Residents disappointed with Ezra street party-goers


Every year, Mike Milovick has to clear countless cans, bottles, and more left behind by thousands of rowdy, inconsiderate partygoers on Ezra Avenue from his ruined front lawn or face penalties from the city.

“It’s discouraging that I’m not able to enforce my property rights and I fear for the safety of my tenants on days like today,” he said. “If I don’t clean it up, the city bylaw enforcement will … send me a notice to clean up my property tomorrow morning.”

Nearly 30,000 people arrived from all over southern Ontario to join the unsanctioned party on Ezra Avenue on Mar. 17. The crowd was difficult to control and emergency services were close to overwhelmed.

Cherri Greeno, spokesperson for the Waterloo Regional Police, disclosed that many partiers threw rocks, bottles, and other debris at police officers. In addition, one officer sustained a head injury and was taken to hospital, along with over 40 partiers.  A person was charged for having open liquor in their car as early as 8:45 a.m. and, in another incident, a male was found in the trunk of a car. Greeno did not elaborate why he was there.

“We were disappointed in the behaviour that was displayed by a lot of people attending this event,” she said. “It’s very disappointing that people would act in such a disrespectful manner … We’ve had assistance from the Peel Regional Police come in simply for their resources.”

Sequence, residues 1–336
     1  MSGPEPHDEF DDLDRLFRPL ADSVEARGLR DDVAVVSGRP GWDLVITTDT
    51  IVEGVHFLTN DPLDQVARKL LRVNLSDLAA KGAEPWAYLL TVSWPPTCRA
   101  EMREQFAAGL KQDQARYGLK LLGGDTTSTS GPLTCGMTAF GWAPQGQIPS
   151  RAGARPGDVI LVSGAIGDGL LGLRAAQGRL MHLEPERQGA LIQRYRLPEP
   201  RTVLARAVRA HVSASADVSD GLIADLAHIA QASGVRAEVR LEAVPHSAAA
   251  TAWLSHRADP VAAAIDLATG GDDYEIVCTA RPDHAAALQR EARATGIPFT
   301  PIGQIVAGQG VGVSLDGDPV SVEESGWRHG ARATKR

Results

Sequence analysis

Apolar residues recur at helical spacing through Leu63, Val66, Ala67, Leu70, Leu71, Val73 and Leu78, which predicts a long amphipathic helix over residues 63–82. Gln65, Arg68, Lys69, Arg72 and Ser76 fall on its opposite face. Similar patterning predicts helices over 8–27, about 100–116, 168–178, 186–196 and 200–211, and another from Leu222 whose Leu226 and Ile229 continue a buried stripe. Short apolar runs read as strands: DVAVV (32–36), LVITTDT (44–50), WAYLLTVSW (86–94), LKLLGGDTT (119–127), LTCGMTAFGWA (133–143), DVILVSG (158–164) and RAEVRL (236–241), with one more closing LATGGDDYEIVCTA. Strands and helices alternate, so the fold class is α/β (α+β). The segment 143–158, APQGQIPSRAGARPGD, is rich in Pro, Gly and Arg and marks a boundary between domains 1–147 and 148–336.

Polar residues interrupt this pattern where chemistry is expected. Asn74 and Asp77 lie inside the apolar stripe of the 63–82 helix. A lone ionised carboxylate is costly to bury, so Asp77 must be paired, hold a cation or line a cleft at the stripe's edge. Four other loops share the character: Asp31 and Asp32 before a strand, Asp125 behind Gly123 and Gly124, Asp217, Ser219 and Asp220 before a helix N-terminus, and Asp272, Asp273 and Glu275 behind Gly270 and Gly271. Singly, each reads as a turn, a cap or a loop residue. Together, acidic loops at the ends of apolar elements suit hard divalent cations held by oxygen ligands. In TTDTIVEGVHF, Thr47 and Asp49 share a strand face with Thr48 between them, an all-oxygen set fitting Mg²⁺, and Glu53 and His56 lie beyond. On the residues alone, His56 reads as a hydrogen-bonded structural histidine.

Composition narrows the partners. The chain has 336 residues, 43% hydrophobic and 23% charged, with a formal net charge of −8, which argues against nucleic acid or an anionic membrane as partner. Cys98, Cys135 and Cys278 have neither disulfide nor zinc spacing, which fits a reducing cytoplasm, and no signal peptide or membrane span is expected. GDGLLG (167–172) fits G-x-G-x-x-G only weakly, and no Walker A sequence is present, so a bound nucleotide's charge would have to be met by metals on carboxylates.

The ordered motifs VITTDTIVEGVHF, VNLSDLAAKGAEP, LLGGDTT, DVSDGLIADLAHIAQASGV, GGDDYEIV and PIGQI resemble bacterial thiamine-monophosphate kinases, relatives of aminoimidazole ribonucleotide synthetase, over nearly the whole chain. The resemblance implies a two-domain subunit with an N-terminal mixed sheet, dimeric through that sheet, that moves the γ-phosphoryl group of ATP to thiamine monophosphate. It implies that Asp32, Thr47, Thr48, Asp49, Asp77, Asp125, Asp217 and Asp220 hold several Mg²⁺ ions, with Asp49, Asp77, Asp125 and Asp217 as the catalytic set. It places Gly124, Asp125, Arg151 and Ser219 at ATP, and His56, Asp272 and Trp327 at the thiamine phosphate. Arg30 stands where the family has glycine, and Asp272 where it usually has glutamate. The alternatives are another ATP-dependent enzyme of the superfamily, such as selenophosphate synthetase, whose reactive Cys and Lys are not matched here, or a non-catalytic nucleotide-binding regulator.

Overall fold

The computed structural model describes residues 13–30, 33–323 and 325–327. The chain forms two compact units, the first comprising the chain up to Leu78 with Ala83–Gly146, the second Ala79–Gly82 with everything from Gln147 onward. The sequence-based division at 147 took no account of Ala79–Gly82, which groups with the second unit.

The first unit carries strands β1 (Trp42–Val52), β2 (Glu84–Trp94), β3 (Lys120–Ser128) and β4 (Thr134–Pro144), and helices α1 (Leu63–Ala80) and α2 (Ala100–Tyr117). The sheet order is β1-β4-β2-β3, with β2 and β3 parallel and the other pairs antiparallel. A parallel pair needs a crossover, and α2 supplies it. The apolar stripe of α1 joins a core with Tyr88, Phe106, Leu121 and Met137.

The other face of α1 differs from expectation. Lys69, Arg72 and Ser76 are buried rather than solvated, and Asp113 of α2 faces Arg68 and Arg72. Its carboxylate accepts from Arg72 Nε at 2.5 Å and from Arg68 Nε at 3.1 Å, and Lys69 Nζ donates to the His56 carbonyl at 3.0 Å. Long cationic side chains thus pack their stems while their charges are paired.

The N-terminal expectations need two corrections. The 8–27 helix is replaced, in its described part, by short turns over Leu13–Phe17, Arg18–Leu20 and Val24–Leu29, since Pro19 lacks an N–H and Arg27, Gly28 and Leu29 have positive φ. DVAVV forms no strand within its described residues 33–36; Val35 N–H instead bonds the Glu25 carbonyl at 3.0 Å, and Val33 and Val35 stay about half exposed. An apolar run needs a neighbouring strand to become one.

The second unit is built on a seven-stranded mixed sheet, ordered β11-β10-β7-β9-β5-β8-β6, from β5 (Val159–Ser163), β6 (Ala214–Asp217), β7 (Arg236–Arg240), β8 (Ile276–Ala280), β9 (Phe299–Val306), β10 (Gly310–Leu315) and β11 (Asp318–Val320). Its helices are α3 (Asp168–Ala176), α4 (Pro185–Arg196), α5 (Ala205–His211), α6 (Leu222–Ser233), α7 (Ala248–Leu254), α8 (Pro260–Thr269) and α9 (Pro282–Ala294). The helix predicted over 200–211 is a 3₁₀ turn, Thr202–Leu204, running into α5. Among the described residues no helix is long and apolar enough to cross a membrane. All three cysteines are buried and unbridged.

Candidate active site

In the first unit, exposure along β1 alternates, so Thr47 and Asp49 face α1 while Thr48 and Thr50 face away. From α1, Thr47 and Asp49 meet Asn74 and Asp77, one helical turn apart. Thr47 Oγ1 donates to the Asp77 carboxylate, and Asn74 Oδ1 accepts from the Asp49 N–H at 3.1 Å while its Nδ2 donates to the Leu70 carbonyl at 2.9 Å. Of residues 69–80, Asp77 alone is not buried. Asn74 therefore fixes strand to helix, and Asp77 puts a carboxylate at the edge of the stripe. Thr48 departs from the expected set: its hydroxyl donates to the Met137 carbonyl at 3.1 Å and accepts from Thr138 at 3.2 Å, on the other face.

Lukas and Lia Cerveira traveled from Milton to take part in the celebrations.

“[It’s a] pretty fun atmosphere, we know a ton of people here so it’s just like a good blend,” Lukas said. “[My favourite part is] getting together with all the people, seeing old friends, making new friends, being able to get together and have a good time.”

They recognize that emergency services are lenient toward partygoers, and appreciate that some delays are possible due to the sheer number of people in the area. Lia stated that a sanctioned and paid event is not impossible, but would probably draw a much smaller crowd.

“I think people would definitely pay for this. I think if it was a paid event, people would pay, maybe a few less people would come,” she said.

Milovick, a property owner on Ezra Avenue, also recognized the problem posed to emergency services by the crowd and stated that ambulance delays and unavailability  may result in fatalities. He stated that the region needs to be more active in trying to stop unsanctioned street parties.

“I think that the city and the region need to take a bigger role in addressing the situation. Obviously, over the years, it’s just getting bigger and bigger, and I’ve always felt that someone’s going to be seriously hurt or there may to be a fatality because of this event,” he said.

“The Waterloo Region is part of a task force that is attempting to understand and minimize street parties. Their main concern is the safety of the residents and the partygoers,” Greeno stated.

Waterloo Regional Police estimate more than 22,000 students attended. There were 41 calls for service and 18 people were transported to hospital. Down from 52 hospitalizations and 619 charges laid by police last year.